The information provided is for informational purposes only and investors should determine for themselves whether a particular service, security or product is suitable for their investment needs. The information contained herein is not complete, may not be current, is subject to change, and is subject to, and qualified in its entirety by, the more complete disclosures, risk factors and other terms that are contained in the disclosure, prospectus, and offering. Certain information herein has been obtained from third party sources and, although believed to be reliable, has not been independently verified and its accuracy or completeness cannot be guaranteed. No representation is made with respect to the accuracy, completeness or timeliness of this information. Nothing provided on this site constitutes tax advice. Individuals should seek the advice of their own tax advisor for specific information regarding tax consequences of investments. Investments in securities entail risk and are not suitable for all investors. This site is not a recommendation nor an offer to sell (or solicitation of an offer to buy) securities in the United States or in any other jurisdiction.
References to indexes and benchmarks are hypothetical illustrations of aggregate returns and do not reflect the performance of any actual investment. Investors cannot invest in an index and do not reflect the deduction of the advisor’s fees or other trading expenses. There can be no assurance that current investments will be profitable. Actual realized returns will depend on, among other factors, the value of assets and market conditions at the time of disposition, any related transaction costs, and the timing of the purchase. Indexes and benchmarks may not directly correlate or only partially relate to portfolios managed by SL Advisors as they have different underlying investments and may use different strategies or have different objectives than portfolios managed by SL Advisors (e.g. The Alerian index is a group MLP securities in the oil and gas industries. Portfolios may not include the same investments that are included in the Alerian Index. The S & P Index does not directly relate to investment strategies managed by SL Advisers.)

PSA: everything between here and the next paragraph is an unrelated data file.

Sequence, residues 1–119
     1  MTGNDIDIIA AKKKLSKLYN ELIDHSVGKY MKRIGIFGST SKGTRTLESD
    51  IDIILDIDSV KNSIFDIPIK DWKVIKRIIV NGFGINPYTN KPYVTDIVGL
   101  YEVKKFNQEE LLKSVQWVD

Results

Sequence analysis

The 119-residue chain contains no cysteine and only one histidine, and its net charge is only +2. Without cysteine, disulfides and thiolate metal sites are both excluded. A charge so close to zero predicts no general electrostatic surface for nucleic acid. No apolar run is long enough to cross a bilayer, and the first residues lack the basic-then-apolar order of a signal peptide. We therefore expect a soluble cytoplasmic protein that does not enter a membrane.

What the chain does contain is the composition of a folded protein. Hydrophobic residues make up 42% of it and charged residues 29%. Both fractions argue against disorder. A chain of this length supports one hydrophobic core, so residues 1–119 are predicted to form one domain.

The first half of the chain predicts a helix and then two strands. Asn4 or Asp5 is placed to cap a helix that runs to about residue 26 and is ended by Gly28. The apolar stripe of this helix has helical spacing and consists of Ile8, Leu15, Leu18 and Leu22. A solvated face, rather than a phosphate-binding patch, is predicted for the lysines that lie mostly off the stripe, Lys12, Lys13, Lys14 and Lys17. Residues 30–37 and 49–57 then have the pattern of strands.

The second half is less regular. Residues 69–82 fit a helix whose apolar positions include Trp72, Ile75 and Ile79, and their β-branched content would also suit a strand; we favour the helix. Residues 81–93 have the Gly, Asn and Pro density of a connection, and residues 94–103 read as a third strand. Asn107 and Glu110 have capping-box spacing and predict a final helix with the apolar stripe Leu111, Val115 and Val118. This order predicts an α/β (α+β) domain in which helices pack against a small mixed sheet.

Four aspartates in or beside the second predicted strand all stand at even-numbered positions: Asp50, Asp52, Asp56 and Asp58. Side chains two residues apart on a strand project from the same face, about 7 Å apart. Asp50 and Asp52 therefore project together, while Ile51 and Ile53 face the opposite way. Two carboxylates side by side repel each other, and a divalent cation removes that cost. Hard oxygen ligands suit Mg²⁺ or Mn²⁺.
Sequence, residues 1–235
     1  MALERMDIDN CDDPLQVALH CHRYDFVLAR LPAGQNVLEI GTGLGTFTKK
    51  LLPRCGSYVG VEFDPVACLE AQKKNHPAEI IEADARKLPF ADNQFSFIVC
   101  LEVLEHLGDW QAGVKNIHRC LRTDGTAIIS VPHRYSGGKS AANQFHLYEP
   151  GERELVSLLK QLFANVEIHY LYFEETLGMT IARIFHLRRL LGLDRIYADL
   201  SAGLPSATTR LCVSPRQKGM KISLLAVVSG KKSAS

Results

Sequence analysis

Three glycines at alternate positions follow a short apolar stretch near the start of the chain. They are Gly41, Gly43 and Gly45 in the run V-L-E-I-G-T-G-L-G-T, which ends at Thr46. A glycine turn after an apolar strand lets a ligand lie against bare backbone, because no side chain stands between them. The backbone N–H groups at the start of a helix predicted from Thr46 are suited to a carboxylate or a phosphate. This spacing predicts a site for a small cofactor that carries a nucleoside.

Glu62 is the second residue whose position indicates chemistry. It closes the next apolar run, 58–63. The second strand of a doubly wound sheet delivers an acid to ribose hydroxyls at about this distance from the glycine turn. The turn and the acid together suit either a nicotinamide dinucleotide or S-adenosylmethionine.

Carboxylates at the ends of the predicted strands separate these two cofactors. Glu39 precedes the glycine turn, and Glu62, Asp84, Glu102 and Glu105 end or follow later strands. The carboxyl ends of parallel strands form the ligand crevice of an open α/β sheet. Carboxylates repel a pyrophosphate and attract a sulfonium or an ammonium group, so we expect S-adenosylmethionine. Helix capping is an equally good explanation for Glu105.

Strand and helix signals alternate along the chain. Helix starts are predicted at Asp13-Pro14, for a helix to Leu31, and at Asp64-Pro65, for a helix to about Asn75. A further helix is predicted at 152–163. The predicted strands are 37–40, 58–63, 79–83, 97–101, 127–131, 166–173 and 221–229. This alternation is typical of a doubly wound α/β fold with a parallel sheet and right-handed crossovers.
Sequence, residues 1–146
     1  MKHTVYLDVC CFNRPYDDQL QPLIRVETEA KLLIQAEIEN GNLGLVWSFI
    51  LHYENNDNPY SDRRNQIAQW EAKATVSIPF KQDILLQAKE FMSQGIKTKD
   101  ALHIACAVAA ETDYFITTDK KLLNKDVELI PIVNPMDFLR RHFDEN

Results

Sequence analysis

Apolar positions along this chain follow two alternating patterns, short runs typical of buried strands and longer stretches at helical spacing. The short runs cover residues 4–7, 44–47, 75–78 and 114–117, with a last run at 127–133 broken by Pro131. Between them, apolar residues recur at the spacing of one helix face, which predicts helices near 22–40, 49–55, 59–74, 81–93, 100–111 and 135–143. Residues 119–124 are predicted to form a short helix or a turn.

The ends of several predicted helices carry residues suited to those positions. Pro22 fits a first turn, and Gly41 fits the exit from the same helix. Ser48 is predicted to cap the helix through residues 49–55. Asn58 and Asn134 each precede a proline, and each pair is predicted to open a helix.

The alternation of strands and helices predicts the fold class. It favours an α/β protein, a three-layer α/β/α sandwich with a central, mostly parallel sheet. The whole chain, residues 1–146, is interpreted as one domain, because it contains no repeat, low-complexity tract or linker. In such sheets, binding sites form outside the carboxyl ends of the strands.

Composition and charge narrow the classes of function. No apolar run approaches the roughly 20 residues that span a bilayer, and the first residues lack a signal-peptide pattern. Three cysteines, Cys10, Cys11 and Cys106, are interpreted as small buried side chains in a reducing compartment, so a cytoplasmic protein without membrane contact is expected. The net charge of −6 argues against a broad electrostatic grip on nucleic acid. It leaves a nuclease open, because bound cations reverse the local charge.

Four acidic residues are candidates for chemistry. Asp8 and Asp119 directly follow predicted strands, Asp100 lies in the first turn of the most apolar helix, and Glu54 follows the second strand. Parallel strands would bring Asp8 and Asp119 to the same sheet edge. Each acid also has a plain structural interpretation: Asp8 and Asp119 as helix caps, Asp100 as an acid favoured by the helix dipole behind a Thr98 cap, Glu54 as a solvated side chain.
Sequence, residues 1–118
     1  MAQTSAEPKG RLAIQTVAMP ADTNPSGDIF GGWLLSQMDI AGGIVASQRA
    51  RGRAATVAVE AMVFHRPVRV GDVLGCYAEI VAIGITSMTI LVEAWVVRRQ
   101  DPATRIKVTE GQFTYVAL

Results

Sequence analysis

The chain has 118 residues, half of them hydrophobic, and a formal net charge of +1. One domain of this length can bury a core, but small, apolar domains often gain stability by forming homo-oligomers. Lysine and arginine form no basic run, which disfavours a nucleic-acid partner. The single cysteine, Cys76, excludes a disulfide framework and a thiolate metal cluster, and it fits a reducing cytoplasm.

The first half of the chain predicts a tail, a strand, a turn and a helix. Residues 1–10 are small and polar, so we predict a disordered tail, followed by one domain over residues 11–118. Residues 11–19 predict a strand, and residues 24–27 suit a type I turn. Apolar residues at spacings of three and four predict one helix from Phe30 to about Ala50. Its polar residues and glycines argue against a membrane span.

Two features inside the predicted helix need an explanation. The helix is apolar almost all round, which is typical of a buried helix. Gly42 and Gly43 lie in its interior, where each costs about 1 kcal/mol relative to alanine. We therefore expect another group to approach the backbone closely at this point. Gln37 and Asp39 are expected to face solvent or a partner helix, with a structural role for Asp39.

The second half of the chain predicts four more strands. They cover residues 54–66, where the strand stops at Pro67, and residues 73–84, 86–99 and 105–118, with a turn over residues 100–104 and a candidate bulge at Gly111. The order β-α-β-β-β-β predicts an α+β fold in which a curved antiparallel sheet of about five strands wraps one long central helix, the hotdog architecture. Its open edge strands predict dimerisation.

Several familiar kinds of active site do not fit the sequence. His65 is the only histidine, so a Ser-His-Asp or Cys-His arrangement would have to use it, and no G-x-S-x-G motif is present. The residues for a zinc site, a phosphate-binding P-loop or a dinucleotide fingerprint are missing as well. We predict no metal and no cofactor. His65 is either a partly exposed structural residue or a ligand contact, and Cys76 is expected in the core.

This site may contain forward-looking statements relating to the objectives, opportunities, and the future performance of the U.S. market generally. Forward-looking statements may be identified by the use of such words as; “believe,” “expect,” “anticipate,” “should,” “planned,” “estimated,” “potential” and other similar terms. Examples of forward-looking statements include, but are not limited to, estimates with respect to financial condition, results of operations, and success or lack of success of any particular investment strategy. All are subject to various factors, including, but not limited to general and local economic conditions, changing levels of competition within certain industries and markets, changes in interest rates, changes in legislation or regulation, and other economic, competitive, governmental, regulatory and technological factors affecting a portfolio’s operations that could cause actual results to differ materially from projected results. Such statements are forward-looking in nature and involves a number of known and unknown risks, uncertainties and other factors, and accordingly, actual results may differ materially from those reflected or contemplated in such forward-looking statements. Prospective investors are cautioned not to place undue reliance on any forward-looking statements or examples. None of SL Advisors LLC or any of its affiliates or principals nor any other individual or entity assumes any obligation to update any forward-looking statements as a result of new information, subsequent events or any other circumstances. All statements made herein speak only as of the date that they were made. r
Certain hyperlinks or referenced websites on the Site, if any, are for your convenience and forward you to third parties’ websites, which generally are recognized by their top level domain name. Any descriptions of, references to, or links to other products, publications or services does not constitute an endorsement, authorization, sponsorship by or affiliation with SL Advisors LLC with respect to any linked site or its sponsor, unless expressly stated by SL Advisors LLC. Any such information, products or sites have not necessarily been reviewed by SL Advisors LLC and are provided or maintained by third parties over whom SL Advisors LLC exercise no control. SL Advisors LLC expressly disclaim any responsibility for the content, the accuracy of the information, and/or quality of products or services provided by or advertised on these third-party sites.
All investment strategies have the potential for profit or loss. Different types of investments involve varying degrees of risk, and there can be no assurance that any specific investment will be suitable or profitable for a client’s investment portfolio.
Past performance of the American Energy Independence Index is not indicative of future returns.